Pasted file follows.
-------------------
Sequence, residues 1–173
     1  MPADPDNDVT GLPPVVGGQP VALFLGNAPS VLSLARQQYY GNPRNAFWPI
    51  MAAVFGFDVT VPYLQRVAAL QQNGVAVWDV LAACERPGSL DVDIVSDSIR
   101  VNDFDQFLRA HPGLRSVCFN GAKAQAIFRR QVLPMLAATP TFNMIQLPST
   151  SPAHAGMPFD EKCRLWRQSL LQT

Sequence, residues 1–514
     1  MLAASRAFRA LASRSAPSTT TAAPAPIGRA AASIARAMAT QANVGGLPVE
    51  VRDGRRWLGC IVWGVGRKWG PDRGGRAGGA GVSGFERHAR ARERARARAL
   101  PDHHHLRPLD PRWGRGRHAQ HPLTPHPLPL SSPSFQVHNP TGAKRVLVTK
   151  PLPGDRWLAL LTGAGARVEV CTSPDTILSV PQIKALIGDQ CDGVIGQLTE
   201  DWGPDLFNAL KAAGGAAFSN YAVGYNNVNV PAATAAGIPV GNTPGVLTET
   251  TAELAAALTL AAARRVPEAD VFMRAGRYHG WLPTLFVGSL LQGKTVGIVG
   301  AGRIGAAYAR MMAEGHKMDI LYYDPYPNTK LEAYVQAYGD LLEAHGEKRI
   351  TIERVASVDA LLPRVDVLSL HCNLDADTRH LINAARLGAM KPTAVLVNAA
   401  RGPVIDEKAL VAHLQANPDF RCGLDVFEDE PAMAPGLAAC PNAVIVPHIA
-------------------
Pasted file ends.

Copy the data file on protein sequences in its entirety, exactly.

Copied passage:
Sequence, residues 1–173
     1  MPADPDNDVT GLPPVVGGQP VALFLGNAPS VLSLARQQYY GNPRNAFWPI
    51  MAAVFGFDVT VPYLQRVAAL QQNGVAVWDV LAACERPGSL DVDIVSDSIR
   101  VNDFDQFLRA HPGLRSVCFN GAKAQAIFRR QVLPMLAATP TFNMIQLPST
   151  SPAHAGMPFD EKCRLWRQSL LQT

Sequence, residues 1–514
     1  MLAASRAFRA LASRSAPSTT TAAPAPIGRA AASIARAMAT QANVGGLPVE
    51  VRDGRRWLGC IVWGVGRKWG PDRGGRAGGA GVSGFERHAR ARERARARAL
   101  PDHHHLRPLD PRWGRGRHAQ HPLTPHPLPL SSPSFQVHNP TGAKRVLVTK
   151  PLPGDRWLAL LTGAGARVEV CTSPDTILSV PQIKALIGDQ CDGVIGQLTE
   201  DWGPDLFNAL KAAGGAAFSN YAVGYNNVNV PAATAAGIPV GNTPGVLTET
   251  TAELAAALTL AAARRVPEAD VFMRAGRYHG WLPTLFVGSL LQGKTVGIVG
   301  AGRIGAAYAR MMAEGHKMDI LYYDPYPNTK LEAYVQAYGD LLEAHGEKRI
   351  TIERVASVDA LLPRVDVLSL HCNLDADTRH LINAARLGAM KPTAVLVNAA
   401  RGPVIDEKAL VAHLQANPDF RCGLDVFEDE PAMAPGLAAC PNAVIVPHIA